Are you generous?

Generous giving

You probably like to think you are. Just like we’re all above-average drivers. But generosity comes in many forms. There are three main types that I can see:

Financial – this is what most of us associate with generosity. Do we give a decent amount to charity? Buy good presents for friends and family? Stand a few rounds at the bar?

But this is the easiest form of generosity. Just dig your hand into your pocket and you’re done. Sure there’s an opportunity cost of the money, but unless you’re on the breadline or a billionaire philanthropist, you probably won’t feel much difference. And there’s utility in giving – it feels good.

Temporal – fewer of us are generous with our time. It’s a fleeting resource and we never seem to have enough. If someone comes to your desk, do you give them your full attention? If your son wants to play a game, do you keep playing until he decides to stop, not you?

In our multitasking world, giving someone your time and your attention is one of the most generous behaviors you can bestow. It takes practice to listen to them fully and not to make them feel rushed. To move on their timeline, rather than your own.

For sure, we can’t always be generous with our time. We all have obligations. But making time for others, by planning unscheduled periods into our day enables us to be more generous when the opportunity arises.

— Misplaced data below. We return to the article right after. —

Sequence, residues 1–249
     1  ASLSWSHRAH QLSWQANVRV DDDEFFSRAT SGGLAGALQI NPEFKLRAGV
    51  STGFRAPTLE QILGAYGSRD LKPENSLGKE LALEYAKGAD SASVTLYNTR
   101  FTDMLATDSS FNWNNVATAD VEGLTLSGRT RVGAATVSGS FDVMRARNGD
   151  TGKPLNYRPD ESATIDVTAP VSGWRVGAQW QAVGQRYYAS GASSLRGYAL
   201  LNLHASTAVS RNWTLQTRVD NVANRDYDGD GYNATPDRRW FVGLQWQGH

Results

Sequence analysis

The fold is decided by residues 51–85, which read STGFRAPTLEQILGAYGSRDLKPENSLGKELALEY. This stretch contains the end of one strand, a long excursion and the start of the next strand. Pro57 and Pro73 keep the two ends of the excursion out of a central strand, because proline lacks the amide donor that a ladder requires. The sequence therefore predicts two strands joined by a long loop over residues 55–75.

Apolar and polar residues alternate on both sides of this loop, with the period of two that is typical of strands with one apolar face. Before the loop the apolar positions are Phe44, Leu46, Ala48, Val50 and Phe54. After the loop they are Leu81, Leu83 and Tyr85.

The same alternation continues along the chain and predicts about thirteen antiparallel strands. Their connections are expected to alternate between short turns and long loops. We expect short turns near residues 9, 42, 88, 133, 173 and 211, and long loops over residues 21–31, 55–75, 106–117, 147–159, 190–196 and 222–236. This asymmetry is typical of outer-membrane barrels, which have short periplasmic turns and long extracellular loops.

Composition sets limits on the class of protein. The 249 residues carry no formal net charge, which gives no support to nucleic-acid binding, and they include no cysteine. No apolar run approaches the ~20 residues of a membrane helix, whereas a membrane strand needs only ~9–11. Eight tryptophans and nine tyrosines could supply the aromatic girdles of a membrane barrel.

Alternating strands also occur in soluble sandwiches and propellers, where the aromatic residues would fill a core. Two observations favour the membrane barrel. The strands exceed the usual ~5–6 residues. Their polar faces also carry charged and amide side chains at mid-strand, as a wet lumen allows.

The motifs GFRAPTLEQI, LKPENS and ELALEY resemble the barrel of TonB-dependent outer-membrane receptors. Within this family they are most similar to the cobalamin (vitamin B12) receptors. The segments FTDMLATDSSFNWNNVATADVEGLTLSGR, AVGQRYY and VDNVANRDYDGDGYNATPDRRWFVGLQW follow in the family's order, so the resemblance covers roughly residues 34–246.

Emotional – this is the hardest form of generosity. We all find it hard to love people sometimes, but since love is hopefully reciprocal there is a strong reward.

Harder is to give emotional empathy to colleagues and friends. To understand what’s going on in their lives, to take on their burdens and share them. Often this generosity goes unnoticed or without immediate thanks. Just when you feel you have given your all, you’ll get asked for more understanding, forgiveness or empathy. I’m sure caregivers feel this acutely, but it’s also common for parents and managers.

But I think this is also the form which can have the most impact on the lives of others. The Christian faith says ‘Love thy neighbor’, a sentiment shared in other religions. Not give her money or time. Emotional generosity – transmitting warmth, empathy and understanding is powerful. It changes lives. It also has a real cost to us – it’s hard sometimes!

We all like to think we are generous. But next time you sit behind the wheel of your car, consider whether you really are above-average.